Because Dilijan is a larger tourist town, most people just ignore us assuming we are just tourists passing through. Some try to sell us tablecloths. Living in a town is different from living in a small village where EVERYBODY knows who you are but we still have our micro-communities in Dilijan. The other day when I was walking home, two different neighbors stoped me and asked me if I had eaten that day because they knew my host mom was gone and that I was home alone. Only after assuring them that I had and that I was in fact headed home to eat right that minute did they let me continue on my way.

I’m enjoying the relaxing pace of settling in but am also excited for school to start and to begin working.

If you want my address, let me know and I’ll send it your way!

I’ll be uploading more pictures soon!

Friday, August 5, 2011

Vartavar Holiday

I was sitting in my garden. Literally just sitting there staring at a flower. All of the sudden I see just the heads of a couple Americans bobbing down the path. Joining them are the heads of three Armenian boys from the village. Seconds later I am doused with buckets of water. Happy Water Day. After engaging in an entertaining water fight with my family, my mom handed me a bucket and the Americans ran off through the village intent on proving their worth. We were attacked halfway down the street but managed to hold our own. After emptying our water supply, we ducked into Lisa’s house for a refill and were promptly attacked by her mom. Filling our buckets in their front gate bathtub we ran outside and after a few minutes of battle with the village kids enlisted them to help ambush the last two American girls.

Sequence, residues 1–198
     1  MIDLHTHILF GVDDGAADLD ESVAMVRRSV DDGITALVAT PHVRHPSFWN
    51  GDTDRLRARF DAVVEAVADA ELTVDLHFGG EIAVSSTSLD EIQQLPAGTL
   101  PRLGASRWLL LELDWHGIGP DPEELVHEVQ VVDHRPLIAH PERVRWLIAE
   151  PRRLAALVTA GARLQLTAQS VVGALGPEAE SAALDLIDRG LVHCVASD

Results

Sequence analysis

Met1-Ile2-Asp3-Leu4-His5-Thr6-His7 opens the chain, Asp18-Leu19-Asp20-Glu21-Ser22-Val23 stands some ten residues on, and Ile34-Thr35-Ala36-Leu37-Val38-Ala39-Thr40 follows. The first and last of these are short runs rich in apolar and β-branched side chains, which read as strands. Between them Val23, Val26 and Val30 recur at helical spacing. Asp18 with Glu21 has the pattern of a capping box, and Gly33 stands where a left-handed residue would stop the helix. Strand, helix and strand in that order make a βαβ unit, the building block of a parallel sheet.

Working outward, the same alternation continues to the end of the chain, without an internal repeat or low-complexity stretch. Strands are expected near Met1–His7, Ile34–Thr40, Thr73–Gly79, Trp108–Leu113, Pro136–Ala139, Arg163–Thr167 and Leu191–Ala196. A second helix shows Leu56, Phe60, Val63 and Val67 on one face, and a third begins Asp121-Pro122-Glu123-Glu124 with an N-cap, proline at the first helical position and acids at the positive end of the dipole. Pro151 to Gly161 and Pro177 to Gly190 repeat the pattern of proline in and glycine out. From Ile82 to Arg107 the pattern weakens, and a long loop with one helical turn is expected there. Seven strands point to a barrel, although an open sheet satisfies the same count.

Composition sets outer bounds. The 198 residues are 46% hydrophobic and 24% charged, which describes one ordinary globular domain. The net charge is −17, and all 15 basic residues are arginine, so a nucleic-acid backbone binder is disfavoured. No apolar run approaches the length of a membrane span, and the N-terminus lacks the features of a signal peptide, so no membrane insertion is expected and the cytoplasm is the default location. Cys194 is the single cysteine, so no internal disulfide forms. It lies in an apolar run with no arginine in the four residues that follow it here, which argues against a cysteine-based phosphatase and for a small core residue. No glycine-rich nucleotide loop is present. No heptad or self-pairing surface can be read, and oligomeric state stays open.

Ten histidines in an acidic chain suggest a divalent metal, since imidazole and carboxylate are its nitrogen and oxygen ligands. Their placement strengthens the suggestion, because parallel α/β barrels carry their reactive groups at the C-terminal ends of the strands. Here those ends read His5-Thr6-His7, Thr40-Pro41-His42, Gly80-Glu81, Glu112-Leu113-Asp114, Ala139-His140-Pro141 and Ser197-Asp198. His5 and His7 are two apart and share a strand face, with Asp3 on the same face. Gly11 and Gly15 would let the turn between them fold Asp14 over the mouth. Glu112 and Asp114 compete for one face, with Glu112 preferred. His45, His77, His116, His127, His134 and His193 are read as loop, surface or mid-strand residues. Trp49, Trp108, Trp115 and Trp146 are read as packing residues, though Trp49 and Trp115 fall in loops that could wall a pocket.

The next two hours consisted of the following: 100s of buckets of water being dumped on my head while the boys yelled “Kelli-jan is showering!” We broke off for a bit to douse our language teacher with water and also to chase somebody’s older cousin and his friends through three of their houses. After finally deciding to go home, I ran out the back gate of a friend’s house and started a steady jog home, hopping to put some distance between myself and the kids with water. They didn’t notice my escape until I had at least 100 yards on them and I was able to outrun all of them until I reached my turn off where two girls were waiting, ready with buckets. They got me once and I just barley dashed in our gate and slammed it in some other kids’ faces before they hurled water over our gate in one last attempt to get me.